Are you in Senior Leadership? Share your experiences below.

[Image Credit]

Register for free to continue reading
Registration is a free and easy way to support us.
When you register, you'll join a grassroots community where you can:
• Enjoy unlimited access to articles
• Get recommendations tailored to your interests
• Attend virtual events with our leading contributors
Register Now
Try Later
Login

Latest stories

  • Free recycling-themed resources for KS1 and KS2
    Free recycling-themed resources for KS1 and KS2

    The Action Pack is back for the start of the brand new school year, just in time for Recycle Week 2021 on 20 - 26 September, to empower pupils to make the world a better and more sustainable place. The free recycling-themed resources are designed for KS1 and KS2 and cover the topics of Art, English, PSHE, Science and Maths and have been created to easily fit into day-to-day lesson planning.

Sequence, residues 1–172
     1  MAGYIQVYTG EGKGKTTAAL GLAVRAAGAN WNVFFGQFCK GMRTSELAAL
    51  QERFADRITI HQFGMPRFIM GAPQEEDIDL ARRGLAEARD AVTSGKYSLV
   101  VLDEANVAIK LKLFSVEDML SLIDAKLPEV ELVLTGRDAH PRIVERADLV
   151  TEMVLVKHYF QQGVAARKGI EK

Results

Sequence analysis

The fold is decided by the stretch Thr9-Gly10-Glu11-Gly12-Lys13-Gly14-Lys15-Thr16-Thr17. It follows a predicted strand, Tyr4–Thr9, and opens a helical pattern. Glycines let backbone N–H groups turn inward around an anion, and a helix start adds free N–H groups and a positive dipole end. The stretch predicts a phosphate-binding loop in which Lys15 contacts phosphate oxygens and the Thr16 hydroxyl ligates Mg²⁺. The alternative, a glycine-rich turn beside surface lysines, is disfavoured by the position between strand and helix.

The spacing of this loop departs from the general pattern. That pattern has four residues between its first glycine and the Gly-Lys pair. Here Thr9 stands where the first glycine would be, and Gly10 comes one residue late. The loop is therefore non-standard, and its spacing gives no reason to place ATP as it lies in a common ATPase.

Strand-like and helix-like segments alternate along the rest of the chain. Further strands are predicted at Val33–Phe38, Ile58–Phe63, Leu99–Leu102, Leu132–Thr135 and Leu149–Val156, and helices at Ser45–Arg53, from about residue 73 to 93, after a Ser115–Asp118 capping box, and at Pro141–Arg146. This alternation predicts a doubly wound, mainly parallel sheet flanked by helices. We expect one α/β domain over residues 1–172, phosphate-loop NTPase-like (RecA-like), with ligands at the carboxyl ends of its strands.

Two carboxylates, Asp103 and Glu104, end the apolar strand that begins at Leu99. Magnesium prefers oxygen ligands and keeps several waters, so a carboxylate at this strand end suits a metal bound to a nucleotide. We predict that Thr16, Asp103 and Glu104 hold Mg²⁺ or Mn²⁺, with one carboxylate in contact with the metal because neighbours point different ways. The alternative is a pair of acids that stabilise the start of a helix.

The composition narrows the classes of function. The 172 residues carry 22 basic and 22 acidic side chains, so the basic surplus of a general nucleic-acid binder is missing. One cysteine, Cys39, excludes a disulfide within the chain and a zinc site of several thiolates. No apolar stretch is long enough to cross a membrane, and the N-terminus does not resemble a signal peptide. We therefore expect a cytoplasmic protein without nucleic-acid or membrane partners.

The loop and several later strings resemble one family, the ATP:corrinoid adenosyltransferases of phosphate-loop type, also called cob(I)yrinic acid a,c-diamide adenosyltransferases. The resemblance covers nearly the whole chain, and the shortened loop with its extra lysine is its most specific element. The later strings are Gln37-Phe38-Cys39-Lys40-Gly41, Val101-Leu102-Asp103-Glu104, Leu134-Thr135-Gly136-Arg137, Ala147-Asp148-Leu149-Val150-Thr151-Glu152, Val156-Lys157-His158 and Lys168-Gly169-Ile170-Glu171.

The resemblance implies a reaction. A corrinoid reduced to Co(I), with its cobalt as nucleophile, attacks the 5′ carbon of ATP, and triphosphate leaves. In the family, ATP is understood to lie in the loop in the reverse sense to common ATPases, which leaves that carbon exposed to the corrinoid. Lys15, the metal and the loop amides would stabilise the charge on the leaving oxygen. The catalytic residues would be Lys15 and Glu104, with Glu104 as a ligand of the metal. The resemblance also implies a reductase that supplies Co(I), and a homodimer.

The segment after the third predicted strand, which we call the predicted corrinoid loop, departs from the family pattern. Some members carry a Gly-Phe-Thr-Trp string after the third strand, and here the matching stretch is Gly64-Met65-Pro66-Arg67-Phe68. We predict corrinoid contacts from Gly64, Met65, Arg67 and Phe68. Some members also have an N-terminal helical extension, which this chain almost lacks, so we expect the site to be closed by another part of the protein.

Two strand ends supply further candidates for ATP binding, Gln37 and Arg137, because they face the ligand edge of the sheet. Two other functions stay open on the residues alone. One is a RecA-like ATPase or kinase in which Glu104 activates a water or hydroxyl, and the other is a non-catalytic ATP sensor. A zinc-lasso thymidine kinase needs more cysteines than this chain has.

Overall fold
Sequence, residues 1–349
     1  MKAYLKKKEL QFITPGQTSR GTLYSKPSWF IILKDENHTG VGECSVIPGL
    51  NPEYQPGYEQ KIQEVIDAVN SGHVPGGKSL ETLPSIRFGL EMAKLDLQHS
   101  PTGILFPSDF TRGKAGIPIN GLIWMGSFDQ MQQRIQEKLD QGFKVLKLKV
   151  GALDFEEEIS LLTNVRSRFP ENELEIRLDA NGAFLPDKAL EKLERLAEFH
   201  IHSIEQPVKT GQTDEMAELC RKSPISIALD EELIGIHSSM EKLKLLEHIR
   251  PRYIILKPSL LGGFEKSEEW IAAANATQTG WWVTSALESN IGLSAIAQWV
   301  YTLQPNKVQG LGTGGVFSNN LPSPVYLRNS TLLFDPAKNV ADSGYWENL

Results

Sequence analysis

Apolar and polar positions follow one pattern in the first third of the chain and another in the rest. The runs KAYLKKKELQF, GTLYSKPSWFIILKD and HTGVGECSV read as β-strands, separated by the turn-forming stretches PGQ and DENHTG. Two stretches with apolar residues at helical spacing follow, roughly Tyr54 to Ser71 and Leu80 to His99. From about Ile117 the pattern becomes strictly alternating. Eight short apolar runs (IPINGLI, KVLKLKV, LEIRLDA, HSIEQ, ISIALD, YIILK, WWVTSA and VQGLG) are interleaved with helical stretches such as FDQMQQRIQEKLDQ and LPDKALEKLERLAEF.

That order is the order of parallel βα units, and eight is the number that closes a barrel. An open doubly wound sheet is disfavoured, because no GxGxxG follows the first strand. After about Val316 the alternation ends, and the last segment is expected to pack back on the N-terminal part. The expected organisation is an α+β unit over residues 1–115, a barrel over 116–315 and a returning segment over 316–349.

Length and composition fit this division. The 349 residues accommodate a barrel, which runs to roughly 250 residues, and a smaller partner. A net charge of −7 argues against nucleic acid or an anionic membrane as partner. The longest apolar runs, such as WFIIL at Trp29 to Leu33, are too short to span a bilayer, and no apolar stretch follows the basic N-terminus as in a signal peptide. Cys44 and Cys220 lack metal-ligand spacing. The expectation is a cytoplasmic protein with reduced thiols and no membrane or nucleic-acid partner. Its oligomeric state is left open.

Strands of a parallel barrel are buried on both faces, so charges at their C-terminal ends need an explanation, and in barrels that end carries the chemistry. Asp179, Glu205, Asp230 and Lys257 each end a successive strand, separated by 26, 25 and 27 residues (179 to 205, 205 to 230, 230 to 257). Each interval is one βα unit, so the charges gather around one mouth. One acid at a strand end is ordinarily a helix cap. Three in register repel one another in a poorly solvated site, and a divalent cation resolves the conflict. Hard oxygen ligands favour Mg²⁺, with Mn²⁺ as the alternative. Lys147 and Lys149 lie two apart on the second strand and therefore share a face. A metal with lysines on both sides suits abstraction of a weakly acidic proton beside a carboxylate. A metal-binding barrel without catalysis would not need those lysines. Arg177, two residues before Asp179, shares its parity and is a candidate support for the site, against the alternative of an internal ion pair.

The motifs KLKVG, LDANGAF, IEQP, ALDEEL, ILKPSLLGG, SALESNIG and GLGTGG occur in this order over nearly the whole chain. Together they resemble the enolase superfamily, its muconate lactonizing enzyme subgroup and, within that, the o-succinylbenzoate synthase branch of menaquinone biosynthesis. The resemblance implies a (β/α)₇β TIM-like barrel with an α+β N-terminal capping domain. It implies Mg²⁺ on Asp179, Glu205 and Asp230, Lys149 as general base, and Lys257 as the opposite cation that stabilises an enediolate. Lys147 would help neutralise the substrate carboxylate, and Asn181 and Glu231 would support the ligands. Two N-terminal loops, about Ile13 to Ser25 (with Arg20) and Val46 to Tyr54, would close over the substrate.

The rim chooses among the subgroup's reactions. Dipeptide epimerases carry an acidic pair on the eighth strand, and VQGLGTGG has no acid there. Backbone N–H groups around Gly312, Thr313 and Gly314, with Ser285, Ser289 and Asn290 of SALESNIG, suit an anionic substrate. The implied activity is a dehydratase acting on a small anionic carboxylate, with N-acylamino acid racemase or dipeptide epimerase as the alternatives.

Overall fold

• Inspire your pupils with Emma Raducanu
    Inspire your pupils with Emma Raducanu

    Following the exceptional performance from British breakthrough star Emma Raducanu, who captured her first Grand Slam at the US Open recently, Emmamania is already inspiring pupils aged 4 - 11 to get more involved in tennis - and LTA Youth, the flagship
    programme from The LTA, the governing body of tennis in Britain, has teachers across the country covered.

  • 5 ways to boost your school's eSafety
    5 ways to boost your school's eSafety

    eSafety is a term that constantly comes up in school communities, and with good reason. Students across the world are engaging with technology in ways that have never been seen before. This article addresses 5 beginning tips to help you boost your school’s eSafety.